COOL HUNTING's James Thorne found out about artist Greg Fadell on a recent visit to Detroit:
Discovered on our recent trip to Re:view Gallery in Detroit, Greg Fadell is an abstract artist hell-bent on taking messaging out of art. His massive grayscale aesthetic channels the rawness of abstraction and makes for a piece that is nothing if not experiential. The brother of Tony Fadell—former iPod designer and inventor of the Nest Learning Thermostat—Greg Fadell seems to share his brother's desire to innovate and change. We recently caught up with Fadell in his Detroit studio, situated in an old public school building that has been converted—in that patently Detroit sort of way—into a movie theater, Montessori school and studio space.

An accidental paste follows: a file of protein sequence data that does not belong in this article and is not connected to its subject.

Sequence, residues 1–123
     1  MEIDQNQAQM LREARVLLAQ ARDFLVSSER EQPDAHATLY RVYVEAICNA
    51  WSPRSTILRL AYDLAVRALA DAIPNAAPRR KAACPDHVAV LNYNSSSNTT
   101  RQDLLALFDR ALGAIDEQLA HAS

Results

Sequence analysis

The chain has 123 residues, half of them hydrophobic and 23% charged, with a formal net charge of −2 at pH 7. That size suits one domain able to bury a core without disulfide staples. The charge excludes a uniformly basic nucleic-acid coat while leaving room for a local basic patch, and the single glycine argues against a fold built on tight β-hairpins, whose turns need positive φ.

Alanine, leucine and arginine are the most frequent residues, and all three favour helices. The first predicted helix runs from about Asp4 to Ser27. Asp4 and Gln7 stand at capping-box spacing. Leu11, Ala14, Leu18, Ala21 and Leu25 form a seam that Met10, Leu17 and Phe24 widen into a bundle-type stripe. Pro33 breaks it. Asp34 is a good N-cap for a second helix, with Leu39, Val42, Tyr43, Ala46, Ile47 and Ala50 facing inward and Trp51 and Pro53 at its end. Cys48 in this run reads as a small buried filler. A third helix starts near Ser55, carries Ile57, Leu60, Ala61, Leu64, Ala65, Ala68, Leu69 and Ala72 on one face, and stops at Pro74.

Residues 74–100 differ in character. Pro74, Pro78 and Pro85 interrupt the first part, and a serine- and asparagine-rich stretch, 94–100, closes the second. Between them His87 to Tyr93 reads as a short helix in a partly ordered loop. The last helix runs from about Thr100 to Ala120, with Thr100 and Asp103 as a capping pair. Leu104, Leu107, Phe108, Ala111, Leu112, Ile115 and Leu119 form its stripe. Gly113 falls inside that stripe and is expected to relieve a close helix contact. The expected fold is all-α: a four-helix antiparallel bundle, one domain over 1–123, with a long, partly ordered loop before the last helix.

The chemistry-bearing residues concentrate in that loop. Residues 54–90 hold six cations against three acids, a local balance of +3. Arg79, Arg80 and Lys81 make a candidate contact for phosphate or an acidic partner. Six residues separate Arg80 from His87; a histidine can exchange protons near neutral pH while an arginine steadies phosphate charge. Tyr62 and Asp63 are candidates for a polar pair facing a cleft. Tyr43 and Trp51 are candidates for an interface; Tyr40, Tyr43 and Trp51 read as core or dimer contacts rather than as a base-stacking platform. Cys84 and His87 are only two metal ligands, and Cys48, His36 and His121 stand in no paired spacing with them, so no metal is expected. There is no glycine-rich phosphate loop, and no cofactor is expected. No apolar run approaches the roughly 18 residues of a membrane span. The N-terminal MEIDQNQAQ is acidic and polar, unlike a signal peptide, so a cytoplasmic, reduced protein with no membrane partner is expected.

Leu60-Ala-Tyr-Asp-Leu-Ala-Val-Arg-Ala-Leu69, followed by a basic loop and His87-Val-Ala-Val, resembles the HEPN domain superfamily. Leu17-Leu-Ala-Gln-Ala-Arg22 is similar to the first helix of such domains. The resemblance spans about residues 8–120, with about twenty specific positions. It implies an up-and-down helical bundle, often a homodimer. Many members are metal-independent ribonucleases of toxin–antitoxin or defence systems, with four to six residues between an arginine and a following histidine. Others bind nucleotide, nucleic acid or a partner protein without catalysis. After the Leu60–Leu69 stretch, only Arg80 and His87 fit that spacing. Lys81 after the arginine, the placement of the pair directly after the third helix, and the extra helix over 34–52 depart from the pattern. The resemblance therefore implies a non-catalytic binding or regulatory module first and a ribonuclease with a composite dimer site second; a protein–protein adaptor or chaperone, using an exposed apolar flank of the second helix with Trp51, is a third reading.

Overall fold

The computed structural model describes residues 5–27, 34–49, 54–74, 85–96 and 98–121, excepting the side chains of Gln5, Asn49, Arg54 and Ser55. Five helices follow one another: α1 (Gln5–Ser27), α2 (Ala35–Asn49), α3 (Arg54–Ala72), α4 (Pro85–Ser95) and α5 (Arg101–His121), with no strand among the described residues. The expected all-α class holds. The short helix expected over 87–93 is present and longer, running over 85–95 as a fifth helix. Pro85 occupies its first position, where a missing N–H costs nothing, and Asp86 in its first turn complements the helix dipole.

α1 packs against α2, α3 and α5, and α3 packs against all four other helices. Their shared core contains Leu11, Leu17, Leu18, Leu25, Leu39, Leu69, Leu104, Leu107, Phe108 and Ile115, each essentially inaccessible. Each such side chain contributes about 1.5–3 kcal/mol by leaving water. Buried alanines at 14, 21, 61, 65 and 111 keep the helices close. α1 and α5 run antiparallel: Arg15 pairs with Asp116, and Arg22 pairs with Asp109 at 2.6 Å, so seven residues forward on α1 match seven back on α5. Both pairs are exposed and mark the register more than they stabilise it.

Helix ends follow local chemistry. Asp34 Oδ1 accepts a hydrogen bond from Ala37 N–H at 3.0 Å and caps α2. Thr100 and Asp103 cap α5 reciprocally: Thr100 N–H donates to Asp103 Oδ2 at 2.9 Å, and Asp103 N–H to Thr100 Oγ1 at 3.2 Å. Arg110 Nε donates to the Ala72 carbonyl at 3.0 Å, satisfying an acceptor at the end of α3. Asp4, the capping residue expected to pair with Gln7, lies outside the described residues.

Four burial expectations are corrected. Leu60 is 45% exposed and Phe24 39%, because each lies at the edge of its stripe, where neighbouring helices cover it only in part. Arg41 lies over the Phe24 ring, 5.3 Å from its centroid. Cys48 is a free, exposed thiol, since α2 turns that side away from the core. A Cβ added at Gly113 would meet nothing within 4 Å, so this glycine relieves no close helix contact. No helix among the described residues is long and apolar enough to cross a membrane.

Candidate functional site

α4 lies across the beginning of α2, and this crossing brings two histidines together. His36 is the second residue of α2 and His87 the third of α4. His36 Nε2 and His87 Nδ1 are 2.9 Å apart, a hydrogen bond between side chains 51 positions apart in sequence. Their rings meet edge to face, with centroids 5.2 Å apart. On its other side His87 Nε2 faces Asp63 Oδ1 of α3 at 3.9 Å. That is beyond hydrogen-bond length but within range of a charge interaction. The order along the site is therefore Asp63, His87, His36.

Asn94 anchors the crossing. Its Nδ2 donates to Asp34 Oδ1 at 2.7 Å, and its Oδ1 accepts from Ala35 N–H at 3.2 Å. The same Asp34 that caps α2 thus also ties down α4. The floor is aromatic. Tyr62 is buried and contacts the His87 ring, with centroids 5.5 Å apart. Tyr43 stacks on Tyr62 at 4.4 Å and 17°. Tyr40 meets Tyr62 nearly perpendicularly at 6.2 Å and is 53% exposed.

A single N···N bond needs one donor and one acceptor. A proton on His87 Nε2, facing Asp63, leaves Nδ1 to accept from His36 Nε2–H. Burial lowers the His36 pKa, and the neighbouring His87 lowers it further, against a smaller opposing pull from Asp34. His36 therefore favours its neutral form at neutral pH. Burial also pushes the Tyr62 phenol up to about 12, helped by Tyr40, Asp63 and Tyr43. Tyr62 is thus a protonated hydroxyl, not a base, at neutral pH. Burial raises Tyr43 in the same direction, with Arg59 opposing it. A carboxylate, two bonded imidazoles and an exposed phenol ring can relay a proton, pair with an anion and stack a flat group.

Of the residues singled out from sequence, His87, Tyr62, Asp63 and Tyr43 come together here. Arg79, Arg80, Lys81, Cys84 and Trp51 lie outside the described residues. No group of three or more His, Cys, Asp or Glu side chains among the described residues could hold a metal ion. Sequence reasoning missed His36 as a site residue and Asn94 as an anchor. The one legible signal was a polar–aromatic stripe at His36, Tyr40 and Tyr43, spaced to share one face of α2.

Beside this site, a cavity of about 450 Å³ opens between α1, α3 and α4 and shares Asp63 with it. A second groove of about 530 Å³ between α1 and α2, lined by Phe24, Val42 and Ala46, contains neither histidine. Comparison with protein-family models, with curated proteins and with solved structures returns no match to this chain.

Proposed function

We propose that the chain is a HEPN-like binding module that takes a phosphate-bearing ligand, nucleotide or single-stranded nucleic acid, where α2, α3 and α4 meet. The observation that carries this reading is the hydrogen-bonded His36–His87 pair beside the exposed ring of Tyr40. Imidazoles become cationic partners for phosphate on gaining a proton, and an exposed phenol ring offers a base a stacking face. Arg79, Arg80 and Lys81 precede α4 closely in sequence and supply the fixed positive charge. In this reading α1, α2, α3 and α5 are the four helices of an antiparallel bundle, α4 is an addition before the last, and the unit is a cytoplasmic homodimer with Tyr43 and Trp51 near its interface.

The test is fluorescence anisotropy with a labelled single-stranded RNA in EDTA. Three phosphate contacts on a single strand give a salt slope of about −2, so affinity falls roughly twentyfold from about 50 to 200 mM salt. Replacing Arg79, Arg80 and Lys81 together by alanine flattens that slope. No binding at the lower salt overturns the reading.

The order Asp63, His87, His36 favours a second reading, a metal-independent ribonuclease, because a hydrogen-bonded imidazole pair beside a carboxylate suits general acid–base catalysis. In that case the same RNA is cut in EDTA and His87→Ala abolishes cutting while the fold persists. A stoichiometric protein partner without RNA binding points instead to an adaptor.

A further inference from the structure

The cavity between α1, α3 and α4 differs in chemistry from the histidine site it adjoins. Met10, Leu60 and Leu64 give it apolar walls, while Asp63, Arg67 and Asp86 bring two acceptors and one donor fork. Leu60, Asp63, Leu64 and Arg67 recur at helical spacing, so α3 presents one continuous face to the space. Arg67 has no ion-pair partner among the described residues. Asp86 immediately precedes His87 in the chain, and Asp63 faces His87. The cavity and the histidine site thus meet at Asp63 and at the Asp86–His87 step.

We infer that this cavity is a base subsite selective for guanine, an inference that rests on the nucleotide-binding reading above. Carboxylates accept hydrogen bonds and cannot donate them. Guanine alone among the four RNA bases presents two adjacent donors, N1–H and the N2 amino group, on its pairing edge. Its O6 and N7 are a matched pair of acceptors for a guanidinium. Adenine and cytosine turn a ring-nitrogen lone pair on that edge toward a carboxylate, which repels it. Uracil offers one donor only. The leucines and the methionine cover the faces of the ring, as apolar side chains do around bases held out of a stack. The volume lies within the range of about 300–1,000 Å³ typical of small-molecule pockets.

The concept for Fadell's current series, "Nothing", came during a Parisian sojourn. Walking down the street, he came across a building undergoing renovation. The windows had been whitewashed for protection, and Fadell became obsessed with the spectral quality of the material. With his elementary command of French, he was able to ask the owner, "Qu'est-ce que c'est le blanc?" or "What is the white?"
Fadell went on to buy the substance, a fine powder, and develop his own paint using polymers and an acrylic base. Applying the paint with homemade brushes, Fadell quickly realized that the paintings lost depth from layering day after day. "I have to work wet, so once I start I cant stop," he explains. With nearly two gallons of paint used for each work, it's surprising that the works dry perfectly flat. The difference between white-on-black and black-on-white pieces is vast—white produces a cold color temperature while black is notably warmer.
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